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AASHTO LRFD & BS EN 1337-3-2006

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The American Association of State Highway and Transportation Officials (AASHTO) is a standards setting body which publishes specifications, test protocols and guidelines which are used in highway design and construction throughout the United States. Despite its name, the association represents not only highways but air, rail, water, and public transportation as well.
The American Association of State Highway Officials (AASHO) was founded on December 12, 1914. Its name was changed to American Association of State Highway and Transportation Officials on November 13, 1973. The name change reflects a broadened scope to cover all modes of transportation, although most of its activities are still specific to highways.
While AASHTO is not a government body, it does possess quasi-governmental powers in the sense that the organizations that supply its members customarily obey most AASHTO decisions.
BS 5400 is a British Standard code of practice for the design and construction of steel, concrete and composite bridges. It is applicable to highway, railway and pedestrian bridges.
The standard specifies the requirements and the code of practice[1][2] on design of steel,[1] concrete (reinforced, prestressed or composite)[2] and composite bridges that use steel sections (rolled or fabricated, cased or uncased)[3] as well as the materials and workmanship in bridge erection.The standard also includes the specification and calculation of standard bridge loads, the application of the limit state principles,[4] analysis, and fatigue load calculation[5] and the reservoir method for fatigue load cycle counting.[5]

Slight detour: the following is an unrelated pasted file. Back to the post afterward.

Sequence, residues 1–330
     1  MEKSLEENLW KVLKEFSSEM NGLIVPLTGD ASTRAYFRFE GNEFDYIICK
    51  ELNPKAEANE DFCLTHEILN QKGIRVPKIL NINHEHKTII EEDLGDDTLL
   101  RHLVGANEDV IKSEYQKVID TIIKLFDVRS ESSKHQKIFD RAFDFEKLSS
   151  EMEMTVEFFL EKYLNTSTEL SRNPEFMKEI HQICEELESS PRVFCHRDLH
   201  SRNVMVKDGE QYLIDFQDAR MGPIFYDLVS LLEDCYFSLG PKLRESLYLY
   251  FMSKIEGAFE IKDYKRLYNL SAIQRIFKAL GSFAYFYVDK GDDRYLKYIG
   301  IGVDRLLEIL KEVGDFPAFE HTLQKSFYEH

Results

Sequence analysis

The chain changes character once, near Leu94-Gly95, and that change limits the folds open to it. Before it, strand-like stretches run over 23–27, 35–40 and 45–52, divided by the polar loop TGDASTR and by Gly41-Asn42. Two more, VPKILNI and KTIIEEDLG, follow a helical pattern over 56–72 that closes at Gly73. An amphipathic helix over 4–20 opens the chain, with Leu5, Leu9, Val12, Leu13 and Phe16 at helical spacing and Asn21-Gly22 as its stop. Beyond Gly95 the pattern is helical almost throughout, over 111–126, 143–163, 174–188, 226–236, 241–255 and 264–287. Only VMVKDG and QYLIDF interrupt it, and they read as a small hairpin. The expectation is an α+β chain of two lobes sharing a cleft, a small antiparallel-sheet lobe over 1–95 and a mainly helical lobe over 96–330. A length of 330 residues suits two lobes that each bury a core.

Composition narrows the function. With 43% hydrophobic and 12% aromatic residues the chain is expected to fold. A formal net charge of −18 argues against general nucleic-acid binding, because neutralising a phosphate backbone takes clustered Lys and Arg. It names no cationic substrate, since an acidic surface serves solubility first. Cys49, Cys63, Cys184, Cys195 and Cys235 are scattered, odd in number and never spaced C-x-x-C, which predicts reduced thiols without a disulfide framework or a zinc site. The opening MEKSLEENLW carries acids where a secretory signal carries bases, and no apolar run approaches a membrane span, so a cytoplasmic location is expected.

The standard also covers the structural design of bridge foundations[4] and design and requirements on bridge bearings for ordinary and moving bridges.[6][7]
In 2010, BS 5400 was superseded by the Structural Eurocodes for the design of new bridges. However, BS 5400 still forms the basis of assessment standards for existing highway and railway structures. Some of the prescriptive clauses from the old code have been re-cast in a form consistent with the principles of the Eurocodes and presented as advisory material within British Standard Published Documents; these exist as non-contradictory complementary information (NCCI) to the Eurocodes and offer means of compliance with the requirements of the Eurocodes, typically using closed-form solutions familiar to the engineer experienced in the application of BS5400.